“Voice assistant, can you make me feel better?”

John Merryman
Publication Date
14 April 2021

“Voice assistant, can you make me feel better?”

With voice platforms adopting a HIPAA eligible stance, the healthcare industry is poised to embark on rapid adoption of voice services. This post shares the Mobiquity perspective on how voice experiences will manifest in an omnichannel context, with rapidly advancing AI/ML technologies in the mix.

Context is dynamic with voice and using multiple channels creates fluidity 

We are all used to talking to our health care provider and are conditioned to use voice as our natural mode of interaction. Imagine being able to use voice to privately interact with your healthcare provider anywhere, anytime - or when you are immobile and require maximum assistance with minimal effort. This is the potential of voice technology for the patient. Let’s unpack how we’ll get there over the next several years. 

The foundation: millions of AI/ML workloads and billions of devices

Over the last 4 years, voice assistants have crept into the collective consciousness of the average person, most often through casual usage in the home with Amazon Alexa and Google Home. With voice assistants now embedded in cars, phones, tablets, and smart devices and 4.2 billion active assistants in 2020, growth for voice assistants is set to exceed the world's population by 2024. 

Despite the ease with which we’ve integrated voice assistants into our lives, however, the natural language processing required for even the most mundane tasks (e.g., what’s the weather today?) is actually quite immense.1 (For a great summary of what is going on behind the scenes for your average consumer smart speaker, read this.) The complexity of engineering a great conversational AI helps explain the moments of exasperation most of us have had with voice assistants not understanding what we are trying to accomplish when we talk to them. But these frustrating experiences haven’t dampened consumers’ expectations for the assistants to become smarter. Rather, it’s a call to action for us to create the skills that answer the call from consumers for the added benefit of voice skills in their lives.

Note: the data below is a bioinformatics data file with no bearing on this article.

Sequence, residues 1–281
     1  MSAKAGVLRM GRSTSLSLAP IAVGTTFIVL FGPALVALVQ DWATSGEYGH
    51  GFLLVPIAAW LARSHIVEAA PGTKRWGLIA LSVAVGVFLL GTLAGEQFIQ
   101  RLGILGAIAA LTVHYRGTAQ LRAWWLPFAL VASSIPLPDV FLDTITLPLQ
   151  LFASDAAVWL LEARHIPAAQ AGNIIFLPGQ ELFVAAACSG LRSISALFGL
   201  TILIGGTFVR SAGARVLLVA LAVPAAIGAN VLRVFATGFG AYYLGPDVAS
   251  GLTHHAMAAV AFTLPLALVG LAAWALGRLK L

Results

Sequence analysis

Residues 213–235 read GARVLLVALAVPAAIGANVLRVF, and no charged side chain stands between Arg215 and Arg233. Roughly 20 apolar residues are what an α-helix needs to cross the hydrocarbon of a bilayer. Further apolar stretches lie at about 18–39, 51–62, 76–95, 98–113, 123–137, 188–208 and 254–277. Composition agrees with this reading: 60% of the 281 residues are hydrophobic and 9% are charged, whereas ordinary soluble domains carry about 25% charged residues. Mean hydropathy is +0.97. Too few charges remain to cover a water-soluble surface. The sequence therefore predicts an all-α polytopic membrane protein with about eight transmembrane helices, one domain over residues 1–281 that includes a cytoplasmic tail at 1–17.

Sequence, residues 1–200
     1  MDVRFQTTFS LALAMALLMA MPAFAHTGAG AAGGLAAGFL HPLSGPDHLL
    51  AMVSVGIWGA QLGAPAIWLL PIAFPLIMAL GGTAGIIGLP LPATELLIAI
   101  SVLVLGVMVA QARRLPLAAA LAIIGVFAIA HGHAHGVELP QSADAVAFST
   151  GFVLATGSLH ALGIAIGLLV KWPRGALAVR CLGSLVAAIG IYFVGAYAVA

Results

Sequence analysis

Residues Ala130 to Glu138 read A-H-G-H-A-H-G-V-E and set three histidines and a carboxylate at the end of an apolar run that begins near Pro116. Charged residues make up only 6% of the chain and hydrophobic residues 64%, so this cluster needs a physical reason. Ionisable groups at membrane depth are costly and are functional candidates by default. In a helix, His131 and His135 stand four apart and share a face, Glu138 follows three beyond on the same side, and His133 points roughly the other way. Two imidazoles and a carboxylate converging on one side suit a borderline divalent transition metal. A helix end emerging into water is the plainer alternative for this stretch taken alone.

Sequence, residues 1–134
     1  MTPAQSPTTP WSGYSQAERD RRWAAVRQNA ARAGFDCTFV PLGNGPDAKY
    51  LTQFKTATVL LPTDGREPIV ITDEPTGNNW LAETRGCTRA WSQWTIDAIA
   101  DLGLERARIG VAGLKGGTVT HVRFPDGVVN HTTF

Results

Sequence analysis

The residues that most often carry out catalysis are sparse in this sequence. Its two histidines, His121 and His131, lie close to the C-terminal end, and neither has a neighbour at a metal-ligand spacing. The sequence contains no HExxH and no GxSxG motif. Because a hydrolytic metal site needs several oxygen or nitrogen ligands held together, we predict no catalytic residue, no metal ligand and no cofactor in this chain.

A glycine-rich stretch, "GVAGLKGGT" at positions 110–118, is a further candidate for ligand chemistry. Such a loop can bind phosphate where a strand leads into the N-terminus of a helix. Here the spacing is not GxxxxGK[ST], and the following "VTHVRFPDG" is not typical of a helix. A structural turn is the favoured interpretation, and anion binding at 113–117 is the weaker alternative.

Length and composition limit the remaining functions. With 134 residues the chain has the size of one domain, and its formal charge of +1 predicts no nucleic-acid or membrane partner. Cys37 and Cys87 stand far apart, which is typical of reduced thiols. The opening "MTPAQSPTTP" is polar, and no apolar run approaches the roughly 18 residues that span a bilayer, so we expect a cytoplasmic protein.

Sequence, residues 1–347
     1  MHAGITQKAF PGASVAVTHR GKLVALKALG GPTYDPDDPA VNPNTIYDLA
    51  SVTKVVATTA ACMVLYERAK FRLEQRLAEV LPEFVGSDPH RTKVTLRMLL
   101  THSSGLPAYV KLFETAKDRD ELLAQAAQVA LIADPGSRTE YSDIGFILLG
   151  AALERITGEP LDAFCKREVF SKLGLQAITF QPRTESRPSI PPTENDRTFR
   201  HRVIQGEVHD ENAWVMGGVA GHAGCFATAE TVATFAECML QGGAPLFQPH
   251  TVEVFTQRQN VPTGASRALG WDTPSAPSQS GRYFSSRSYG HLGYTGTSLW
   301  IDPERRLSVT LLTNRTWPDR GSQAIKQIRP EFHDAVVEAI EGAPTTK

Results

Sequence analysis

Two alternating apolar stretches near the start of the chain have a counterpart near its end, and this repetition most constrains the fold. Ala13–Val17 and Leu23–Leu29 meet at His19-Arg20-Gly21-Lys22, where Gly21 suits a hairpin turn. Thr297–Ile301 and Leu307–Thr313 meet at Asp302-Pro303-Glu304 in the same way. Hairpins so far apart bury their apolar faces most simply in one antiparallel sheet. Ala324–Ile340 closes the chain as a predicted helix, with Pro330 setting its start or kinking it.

What is predicted to happen next is going to unpack a whole new realm of voice intelligence. First, the design interfaces for voice are evolving quickly - not only to handle conversational experience, but also to interpret data types and user sentiment. In parallel, machine learning is moving quickly to the edge, meaning machine learning models will execute on smaller, cheaper devices, and independent of cloud computing dependencies. This will transform simple functions by executing faster and with more localized experiences on the device vs. the cloud over time. However, deeper learning and associated outputs will continue to function in cloud-based machine learning. 

At the edge, natural language understanding (NLU) processing and associated intelligence formerly generated in the cloud (aka gigantic server farms) will begin shifting to edge devices (mobile, tablets, handheld devices, you name it). Take the acquisition of Xnor.ai by Apple last year as a case in point, along with numerous similar advances from Microsoft, Google, and Amazon to move machine learning and AI to smaller, less network-dependent devices. Edge-based computing also decentralizes private data, possibly benefiting patient privacy concerns.